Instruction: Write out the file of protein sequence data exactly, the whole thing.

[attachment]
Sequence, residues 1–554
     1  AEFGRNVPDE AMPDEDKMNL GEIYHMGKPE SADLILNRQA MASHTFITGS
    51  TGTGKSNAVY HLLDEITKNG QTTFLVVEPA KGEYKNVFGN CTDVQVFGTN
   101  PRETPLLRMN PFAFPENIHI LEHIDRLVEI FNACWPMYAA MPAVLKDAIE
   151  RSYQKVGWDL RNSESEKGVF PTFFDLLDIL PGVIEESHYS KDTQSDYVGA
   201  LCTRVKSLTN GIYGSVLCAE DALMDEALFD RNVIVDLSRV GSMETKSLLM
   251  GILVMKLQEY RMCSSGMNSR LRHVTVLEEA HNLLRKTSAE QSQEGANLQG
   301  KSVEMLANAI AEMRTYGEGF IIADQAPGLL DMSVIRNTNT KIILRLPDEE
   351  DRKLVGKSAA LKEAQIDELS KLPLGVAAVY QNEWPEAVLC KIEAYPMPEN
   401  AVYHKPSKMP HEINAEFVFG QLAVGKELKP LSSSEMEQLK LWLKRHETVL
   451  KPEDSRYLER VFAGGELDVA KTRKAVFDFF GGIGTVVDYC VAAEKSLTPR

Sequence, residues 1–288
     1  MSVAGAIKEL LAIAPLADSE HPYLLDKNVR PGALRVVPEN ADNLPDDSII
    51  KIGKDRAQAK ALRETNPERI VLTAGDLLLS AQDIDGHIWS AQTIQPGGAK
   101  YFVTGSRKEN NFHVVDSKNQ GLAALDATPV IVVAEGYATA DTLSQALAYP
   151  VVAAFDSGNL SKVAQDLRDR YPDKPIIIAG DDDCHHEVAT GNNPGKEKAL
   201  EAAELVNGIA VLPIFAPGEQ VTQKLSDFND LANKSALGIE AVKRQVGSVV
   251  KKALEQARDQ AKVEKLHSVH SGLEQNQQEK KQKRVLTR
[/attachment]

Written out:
Sequence, residues 1–554
     1  AEFGRNVPDE AMPDEDKMNL GEIYHMGKPE SADLILNRQA MASHTFITGS
    51  TGTGKSNAVY HLLDEITKNG QTTFLVVEPA KGEYKNVFGN CTDVQVFGTN
   101  PRETPLLRMN PFAFPENIHI LEHIDRLVEI FNACWPMYAA MPAVLKDAIE
   151  RSYQKVGWDL RNSESEKGVF PTFFDLLDIL PGVIEESHYS KDTQSDYVGA
   201  LCTRVKSLTN GIYGSVLCAE DALMDEALFD RNVIVDLSRV GSMETKSLLM
   251  GILVMKLQEY RMCSSGMNSR LRHVTVLEEA HNLLRKTSAE QSQEGANLQG
   301  KSVEMLANAI AEMRTYGEGF IIADQAPGLL DMSVIRNTNT KIILRLPDEE
   351  DRKLVGKSAA LKEAQIDELS KLPLGVAAVY QNEWPEAVLC KIEAYPMPEN
   401  AVYHKPSKMP HEINAEFVFG QLAVGKELKP LSSSEMEQLK LWLKRHETVL
   451  KPEDSRYLER VFAGGELDVA KTRKAVFDFF GGIGTVVDYC VAAEKSLTPR

Sequence, residues 1–288
     1  MSVAGAIKEL LAIAPLADSE HPYLLDKNVR PGALRVVPEN ADNLPDDSII
    51  KIGKDRAQAK ALRETNPERI VLTAGDLLLS AQDIDGHIWS AQTIQPGGAK
   101  YFVTGSRKEN NFHVVDSKNQ GLAALDATPV IVVAEGYATA DTLSQALAYP
   151  VVAAFDSGNL SKVAQDLRDR YPDKPIIIAG DDDCHHEVAT GNNPGKEKAL
   201  EAAELVNGIA VLPIFAPGEQ VTQKLSDFND LANKSALGIE AVKRQVGSVV
   251  KKALEQARDQ AKVEKLHSVH SGLEQNQQEK KQKRVLTR